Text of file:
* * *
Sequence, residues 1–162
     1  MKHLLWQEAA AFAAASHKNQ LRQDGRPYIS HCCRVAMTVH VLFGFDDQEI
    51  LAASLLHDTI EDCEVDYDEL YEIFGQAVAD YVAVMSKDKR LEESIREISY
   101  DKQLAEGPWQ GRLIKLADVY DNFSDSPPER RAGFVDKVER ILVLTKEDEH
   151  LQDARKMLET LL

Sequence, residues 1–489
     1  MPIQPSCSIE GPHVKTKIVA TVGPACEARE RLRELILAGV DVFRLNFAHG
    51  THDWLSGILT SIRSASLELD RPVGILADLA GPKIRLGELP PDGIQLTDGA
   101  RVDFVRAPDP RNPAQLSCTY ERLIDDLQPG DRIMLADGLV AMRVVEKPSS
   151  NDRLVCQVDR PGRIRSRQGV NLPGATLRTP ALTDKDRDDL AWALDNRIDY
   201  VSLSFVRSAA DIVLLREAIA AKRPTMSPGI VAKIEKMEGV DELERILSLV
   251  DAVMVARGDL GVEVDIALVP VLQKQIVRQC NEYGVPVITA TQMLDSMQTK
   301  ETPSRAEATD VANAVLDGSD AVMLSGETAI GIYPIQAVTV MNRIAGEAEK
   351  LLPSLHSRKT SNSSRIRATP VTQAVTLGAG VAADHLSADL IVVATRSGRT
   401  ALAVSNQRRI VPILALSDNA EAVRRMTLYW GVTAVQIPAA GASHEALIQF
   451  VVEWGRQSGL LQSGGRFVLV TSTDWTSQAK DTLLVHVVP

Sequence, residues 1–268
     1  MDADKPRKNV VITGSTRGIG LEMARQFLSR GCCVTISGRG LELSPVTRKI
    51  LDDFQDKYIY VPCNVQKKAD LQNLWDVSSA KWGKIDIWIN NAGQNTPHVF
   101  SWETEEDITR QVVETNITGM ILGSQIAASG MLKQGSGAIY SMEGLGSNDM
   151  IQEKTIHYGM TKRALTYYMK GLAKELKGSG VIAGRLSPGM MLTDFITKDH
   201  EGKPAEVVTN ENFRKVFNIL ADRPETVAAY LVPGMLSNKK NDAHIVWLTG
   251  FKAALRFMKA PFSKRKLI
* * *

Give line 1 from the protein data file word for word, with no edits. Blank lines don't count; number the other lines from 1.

Sequence, residues 1–162